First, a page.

Finally, driving through Céret yesterday, I found myself behind a most lovely sight – this chappie pedalling away on a bicycle, with his trusty hound sitting in a home made ‘cartie’, ears blowing in the wind, looking comfortable and contented as the world sped by. Isn’t life great?
Thursday 12th June
Well, apart from continuing gusts of warm wind, the weather seems to be finally opening its heart to summer, now that all my guests have departed!
With a cloudless blue sky and a hot sun warming my cockles, I certainly ain’t complaining!
QThe heavy rains of the last few weeks have played havoc with pools and their chemicals (don’t I just say that so naturally, like having a pool is just an everyday possession? I must be getting used to it and finally becoming a toff!!) so if you have a pool and it is difficult to control, turning quickly, full of algae, don’t worry – it’s not your fault.
Life is SO much more comfortable when you have someone else to blame – in this case the weather!
I took my Dad back to Barcelona today to catch his plane back to Leeds. He continues to defy the aging process and has managed to wear me out once again with a week of walking, talking, driving, eating, drinking (we had a good go at getting rid of all the wine before it went off).
We breathed a sigh of relief as we crossed the border over into Spain, passing through Le Perthus. The place was deserted – no striking lorry drivers as the papers had threatened, no petrol price demos….so setting off four hours earlier than usual seemed little over zealous.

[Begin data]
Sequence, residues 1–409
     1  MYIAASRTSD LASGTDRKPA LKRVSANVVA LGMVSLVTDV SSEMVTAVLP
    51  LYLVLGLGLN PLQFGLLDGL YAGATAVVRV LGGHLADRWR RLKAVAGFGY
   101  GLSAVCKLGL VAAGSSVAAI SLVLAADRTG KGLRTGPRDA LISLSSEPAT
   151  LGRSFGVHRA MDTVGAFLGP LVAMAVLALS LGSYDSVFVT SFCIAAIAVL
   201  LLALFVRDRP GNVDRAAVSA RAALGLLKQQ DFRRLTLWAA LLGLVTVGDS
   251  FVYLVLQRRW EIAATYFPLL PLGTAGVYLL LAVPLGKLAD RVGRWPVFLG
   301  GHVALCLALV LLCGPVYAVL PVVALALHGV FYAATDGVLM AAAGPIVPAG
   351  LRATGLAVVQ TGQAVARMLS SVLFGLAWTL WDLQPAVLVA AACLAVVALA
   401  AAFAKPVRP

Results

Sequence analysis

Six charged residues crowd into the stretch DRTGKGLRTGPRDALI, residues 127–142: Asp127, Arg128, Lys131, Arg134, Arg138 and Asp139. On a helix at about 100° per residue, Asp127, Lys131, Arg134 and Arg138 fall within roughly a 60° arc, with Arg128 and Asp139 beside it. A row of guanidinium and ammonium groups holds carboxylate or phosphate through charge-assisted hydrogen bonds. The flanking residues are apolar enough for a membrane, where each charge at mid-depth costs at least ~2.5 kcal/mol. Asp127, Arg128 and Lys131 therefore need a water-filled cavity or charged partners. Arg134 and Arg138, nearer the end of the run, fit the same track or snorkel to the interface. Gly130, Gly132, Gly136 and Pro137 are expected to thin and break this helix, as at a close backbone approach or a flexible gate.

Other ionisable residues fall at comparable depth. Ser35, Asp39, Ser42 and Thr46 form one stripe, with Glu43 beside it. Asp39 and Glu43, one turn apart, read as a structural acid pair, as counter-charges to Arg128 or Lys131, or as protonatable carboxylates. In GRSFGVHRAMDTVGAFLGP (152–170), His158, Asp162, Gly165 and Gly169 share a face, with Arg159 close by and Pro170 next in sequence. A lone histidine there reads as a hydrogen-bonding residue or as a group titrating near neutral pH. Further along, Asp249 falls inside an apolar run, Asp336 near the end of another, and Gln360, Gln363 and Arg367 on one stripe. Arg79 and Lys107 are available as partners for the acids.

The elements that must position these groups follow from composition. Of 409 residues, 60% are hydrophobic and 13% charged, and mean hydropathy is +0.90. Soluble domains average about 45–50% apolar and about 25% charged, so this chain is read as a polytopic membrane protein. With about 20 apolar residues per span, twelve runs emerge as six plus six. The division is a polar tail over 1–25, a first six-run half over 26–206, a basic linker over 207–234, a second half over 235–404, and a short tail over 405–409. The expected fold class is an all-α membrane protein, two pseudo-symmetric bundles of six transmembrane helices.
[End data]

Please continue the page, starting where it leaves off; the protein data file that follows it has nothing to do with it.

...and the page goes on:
However, a couple of kilometres outside Barcelona, all hell broke loose, with lorries on a go-slow, tooting their horns and gesticulating wildly out of cab windows, and the mozzies (Spanish police – not quite the right word but they were buzzing) standing along the sides of the motorway, looking rather cute in their dark glasses and tight pants.
Never mind. We got there eventually and it added a tad of excitement to a rather boring journey, during which both Dad and Lulu fell asleep and missed an overdose of ladies touting their wares on the roadside between La Jonquera and Girona, which normally gives rise to heated discussion!
I feel so sorry for these prostitutes, some looking as young as fourteen or fifteen, yet they stare into the car so aggressively and seem so at ease with what they are doing, as they sit on the roadside on plastic chairs with parasols, waiting to be picked up by strangers.
How lucky are those of us who have never been bullied or dominated, or had to consider the consequences of arriving at the end of the week, without enough money to feed ourselves and our families.
I did a little bit of research for P-O Life while my Dad was here – kind of killing two chickens (one spring) with one stone by walking the Dad and taking some photos of the Via Domitia or Domitienne Way at the same time.